Notice also the AC officer holding Dusty at one point used her hand to push the dog down from the window when she was trying to look outside the room avoiding the weird person . . .

    Theresa B.

  29. I can't believe that anyone thought that the stuffed toy "hand" and doll has anything to do with real hands or kids. It seems to be a point of view from someone who has never met a dog. Or who thinks dogs have the mental capacity of a goldfish.

    However, it's a test of "reaction to toy, reaction to stuffed toy", and she passed with flying colors.

    Unfortunately, I don't know what people can do to help. I signed the petition because maybe if the lawyers say "but meelions of people frowned about this" then, maybe, um, something might happen.

  30. You can also look up the Buster Foundation in Monroe, MI and support their appeal in court to release the dogs!

    Theresa B.

  31. Yes! Theresa, I have a HUGE problem with the way the assistant was handling Dusty with the leash.

    The first time I watched the video, I only knew that it was a controversial evaluation and the dog was slated for death. No idea that the dog was a total creampuff (which she is, clearly) but fully expecting *something* to happen at some point as the video progressed.

    I'm watching Dusty on that tight leash being tugged around, towards things the dog is unsure of and away from things the dog wants to get to, and thinking - seriously? Someone would honestly use this test for ANYTHING other than a Berenstain Bears-style "do as I say not as I do" video as a warning to both testers and their leash-holding assistants? What kind of jackass is running this show?

    A full story later and now I've not only signed the petition, I will also be writing letters expressing my serious concerns in this "Doctor's" ability to evaluate a dog... and possibly her ability to operate a motor vehicle, as she's obviously seeing things if she believes this evaluation is accurate.

    As for the use of the rubber hand, regardless of what the dog thinks it is (or what the tester thinks the dog thinks it is) there's still a pretty obvious difference between an aggressive bite and other form of physical contact.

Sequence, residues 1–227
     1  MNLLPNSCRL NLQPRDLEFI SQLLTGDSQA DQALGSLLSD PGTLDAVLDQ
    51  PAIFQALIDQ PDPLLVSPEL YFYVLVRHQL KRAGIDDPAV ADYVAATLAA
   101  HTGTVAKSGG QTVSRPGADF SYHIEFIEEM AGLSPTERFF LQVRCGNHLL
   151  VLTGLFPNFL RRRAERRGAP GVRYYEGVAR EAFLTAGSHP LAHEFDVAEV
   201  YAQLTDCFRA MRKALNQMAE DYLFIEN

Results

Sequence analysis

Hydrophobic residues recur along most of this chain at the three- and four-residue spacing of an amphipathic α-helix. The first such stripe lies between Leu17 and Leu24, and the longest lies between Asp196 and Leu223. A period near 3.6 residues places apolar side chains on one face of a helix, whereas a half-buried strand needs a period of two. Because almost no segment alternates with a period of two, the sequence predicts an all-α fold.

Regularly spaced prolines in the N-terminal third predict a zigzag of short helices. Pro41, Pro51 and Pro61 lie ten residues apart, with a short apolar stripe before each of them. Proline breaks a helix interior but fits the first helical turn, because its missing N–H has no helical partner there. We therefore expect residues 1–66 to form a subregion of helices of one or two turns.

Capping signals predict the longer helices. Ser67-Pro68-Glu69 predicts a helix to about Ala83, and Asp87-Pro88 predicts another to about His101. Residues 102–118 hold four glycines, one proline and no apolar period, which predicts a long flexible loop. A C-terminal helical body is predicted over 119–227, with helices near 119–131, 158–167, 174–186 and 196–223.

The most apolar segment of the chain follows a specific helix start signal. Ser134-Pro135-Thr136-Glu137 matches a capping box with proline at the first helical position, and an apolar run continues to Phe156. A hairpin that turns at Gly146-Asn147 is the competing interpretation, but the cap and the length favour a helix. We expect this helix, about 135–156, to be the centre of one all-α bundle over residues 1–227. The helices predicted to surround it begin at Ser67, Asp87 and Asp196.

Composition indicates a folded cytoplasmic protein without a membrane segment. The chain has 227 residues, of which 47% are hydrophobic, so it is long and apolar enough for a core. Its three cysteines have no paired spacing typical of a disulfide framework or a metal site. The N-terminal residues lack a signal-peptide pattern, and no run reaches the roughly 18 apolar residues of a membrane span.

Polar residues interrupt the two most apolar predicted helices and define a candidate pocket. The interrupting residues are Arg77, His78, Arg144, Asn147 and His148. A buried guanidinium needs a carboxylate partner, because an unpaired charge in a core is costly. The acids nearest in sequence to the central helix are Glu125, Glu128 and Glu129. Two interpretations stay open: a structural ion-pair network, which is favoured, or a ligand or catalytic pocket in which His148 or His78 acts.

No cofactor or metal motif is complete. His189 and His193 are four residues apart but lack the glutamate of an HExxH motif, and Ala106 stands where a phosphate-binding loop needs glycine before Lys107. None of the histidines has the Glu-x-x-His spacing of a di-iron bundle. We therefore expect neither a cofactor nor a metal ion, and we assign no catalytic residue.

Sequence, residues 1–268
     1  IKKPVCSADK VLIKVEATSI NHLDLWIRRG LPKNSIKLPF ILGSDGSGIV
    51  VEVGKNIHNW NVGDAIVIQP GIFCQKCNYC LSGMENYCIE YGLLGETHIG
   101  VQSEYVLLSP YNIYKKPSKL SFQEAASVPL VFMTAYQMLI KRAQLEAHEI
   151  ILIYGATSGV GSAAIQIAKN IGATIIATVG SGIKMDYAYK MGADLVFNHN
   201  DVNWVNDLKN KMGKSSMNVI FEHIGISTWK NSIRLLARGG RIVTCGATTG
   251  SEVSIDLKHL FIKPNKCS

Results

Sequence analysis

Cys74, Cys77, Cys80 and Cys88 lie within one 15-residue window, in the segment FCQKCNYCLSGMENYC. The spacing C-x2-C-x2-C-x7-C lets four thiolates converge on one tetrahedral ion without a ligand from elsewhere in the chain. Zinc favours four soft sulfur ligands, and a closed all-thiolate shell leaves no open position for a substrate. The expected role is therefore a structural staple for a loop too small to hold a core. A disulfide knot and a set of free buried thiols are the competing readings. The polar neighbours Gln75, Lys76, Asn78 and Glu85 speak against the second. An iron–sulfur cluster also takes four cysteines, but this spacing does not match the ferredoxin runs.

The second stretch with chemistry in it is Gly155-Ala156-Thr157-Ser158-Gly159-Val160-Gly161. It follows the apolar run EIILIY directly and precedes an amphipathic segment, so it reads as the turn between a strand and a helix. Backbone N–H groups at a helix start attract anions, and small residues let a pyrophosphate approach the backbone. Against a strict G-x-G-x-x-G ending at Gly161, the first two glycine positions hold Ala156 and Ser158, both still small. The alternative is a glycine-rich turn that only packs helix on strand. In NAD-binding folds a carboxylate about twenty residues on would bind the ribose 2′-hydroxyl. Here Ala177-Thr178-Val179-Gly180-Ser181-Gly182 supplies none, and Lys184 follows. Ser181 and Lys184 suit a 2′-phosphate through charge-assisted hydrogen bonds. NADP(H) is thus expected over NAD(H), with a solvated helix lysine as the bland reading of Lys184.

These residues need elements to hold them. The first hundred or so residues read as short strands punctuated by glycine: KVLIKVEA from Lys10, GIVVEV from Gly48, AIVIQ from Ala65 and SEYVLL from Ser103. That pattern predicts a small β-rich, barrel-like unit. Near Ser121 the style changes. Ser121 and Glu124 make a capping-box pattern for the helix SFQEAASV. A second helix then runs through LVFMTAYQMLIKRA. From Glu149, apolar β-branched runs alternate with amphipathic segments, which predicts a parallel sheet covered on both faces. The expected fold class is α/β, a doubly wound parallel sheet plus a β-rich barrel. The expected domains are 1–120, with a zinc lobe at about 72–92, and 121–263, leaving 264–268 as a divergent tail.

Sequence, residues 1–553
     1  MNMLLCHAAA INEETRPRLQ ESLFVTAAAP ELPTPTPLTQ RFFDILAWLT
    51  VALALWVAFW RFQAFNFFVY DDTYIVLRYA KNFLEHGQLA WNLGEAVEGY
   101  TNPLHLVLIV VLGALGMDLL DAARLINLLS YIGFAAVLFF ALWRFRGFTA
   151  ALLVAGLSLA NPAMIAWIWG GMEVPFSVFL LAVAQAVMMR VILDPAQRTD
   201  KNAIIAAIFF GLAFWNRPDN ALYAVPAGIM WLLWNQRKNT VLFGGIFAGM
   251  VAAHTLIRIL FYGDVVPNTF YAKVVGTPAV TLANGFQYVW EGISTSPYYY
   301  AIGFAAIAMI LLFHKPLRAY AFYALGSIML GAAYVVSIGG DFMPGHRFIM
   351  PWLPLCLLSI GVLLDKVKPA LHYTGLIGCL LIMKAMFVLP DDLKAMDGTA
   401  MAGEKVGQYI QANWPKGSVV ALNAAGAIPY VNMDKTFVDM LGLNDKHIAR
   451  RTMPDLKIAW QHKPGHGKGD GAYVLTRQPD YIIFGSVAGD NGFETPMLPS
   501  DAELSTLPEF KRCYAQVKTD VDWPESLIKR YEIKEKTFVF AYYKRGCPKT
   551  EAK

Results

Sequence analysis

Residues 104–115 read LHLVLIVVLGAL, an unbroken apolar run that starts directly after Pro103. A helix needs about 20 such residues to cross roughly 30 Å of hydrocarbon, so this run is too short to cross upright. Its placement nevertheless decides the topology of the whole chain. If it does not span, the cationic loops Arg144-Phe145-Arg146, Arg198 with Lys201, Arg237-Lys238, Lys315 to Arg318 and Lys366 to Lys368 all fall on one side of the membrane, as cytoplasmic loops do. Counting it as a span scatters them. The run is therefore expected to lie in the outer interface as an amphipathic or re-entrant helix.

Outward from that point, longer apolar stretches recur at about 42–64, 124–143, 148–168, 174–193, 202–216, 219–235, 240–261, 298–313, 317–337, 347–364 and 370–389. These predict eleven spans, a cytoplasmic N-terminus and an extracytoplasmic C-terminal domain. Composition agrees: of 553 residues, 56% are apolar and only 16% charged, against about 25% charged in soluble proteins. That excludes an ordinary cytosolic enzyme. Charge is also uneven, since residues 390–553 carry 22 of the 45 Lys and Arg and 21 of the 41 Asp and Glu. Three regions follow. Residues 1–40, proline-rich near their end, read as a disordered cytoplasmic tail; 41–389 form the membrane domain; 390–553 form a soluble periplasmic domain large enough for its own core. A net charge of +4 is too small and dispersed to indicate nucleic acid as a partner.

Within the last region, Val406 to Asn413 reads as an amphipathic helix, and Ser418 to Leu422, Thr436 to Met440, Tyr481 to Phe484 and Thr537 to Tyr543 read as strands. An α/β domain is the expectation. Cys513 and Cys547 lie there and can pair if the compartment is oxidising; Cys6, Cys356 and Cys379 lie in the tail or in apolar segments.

The likely response from our cattle dog (who is not remotely protective of food) would be to inhale the food as fast as possible - so she could hurry to grab that new rubber-thing-on-a-stick-toy that's clearly being offered to me (I mean, why else would you stick it in my face repeatedly unless you WANT me to have it, silly human).

    As for the Doc's "study," we're letting *adopters* determine the aggressive tone of barking now? That's where the line has been drawn for behavioural science? That's some top-notch methodology right there.

    And then they wonder why everyone doesn't marvel at their wisdom...

  32. Has there been any further updates on whether or not their death sentence was appealed?

  33. The Buster Foundation did file an appeal. Nothing further that I know of.

  34. This seems to be the typical manner of evaluating dogs in shelters. I watched a show on TV one night in a motel (I don't have TV at my house-bizarre, I know. I've been like this college, but have managed to survive). The show was about rescueing dogs, so they could later be euthanized at a shelter after an idiot "works" with them a bit. Very sad. Very unfair. It also seems to be fairly common in puppy classes- I watched several pups being terrorized in Levi's class several years ago, but declined his participation in those particular exercises.

  35. Our rescue just had to euthanize a shelter pull with such severe brain damage he could only walk in circles to the right, fell over constantly and was utterly unaware if the presence of humans or other dogs. He could eat, and some remembered auto-pilot instinct made him get up and circle his way out side to relieve himself.

    Poor dog could eat and drink (with difficulty), breath and excrete waste. That was his total skill set.

    But by golly he PASSED the temperament test.


  36. This was the most amazing disregard for canine body language I have ever seen. Just for grins I showed this video to a co-worker who is not a "dog person" and I wouldn't suggest understands body language, her view was that the dog was nervous about the doll and trying to get away, even looking out the window.

    Poor girlie.

  37. Ugh. That's crazy. That dog never hackled, never growled, never showed anything but exuberance, acceptance and polite avoidance.

    Humans are crazy.

  38. Ugh.

    That video is frighteningly sad. The dog is obviously unsure, probably not very well socialized to new situations, I mean she was seized as part of a dog fighting ring, right? I imagine that that kind of nervousness should be expected.

    There were absolutely no signs of aggression. None. She was unsure about the doll, and obviously looking for the best possible way to leave the situation. Not given that opportunity, she didn't bite or snap or growl, she slunk down and hid behind and kept looking at the man holding the leash for guidance. To me, that would be a great dog with kids. One who would rather leave than act when she was uncomfortable. She simply looks like a dog that just needs a little bit of socialization.

    Also, the way the dogs were introduced was a joke. She did fine, but she was a the very end of the leash, being restrained. That would automatically make her a little bit more tense in meeting the other dog, make her body language a little harder to judge. As a result, you can't even really judge her reaction fairly. She might be considered somewhat dominate towards other dogs, but she certainly isn't aggressive towards them.

    This is pathetic.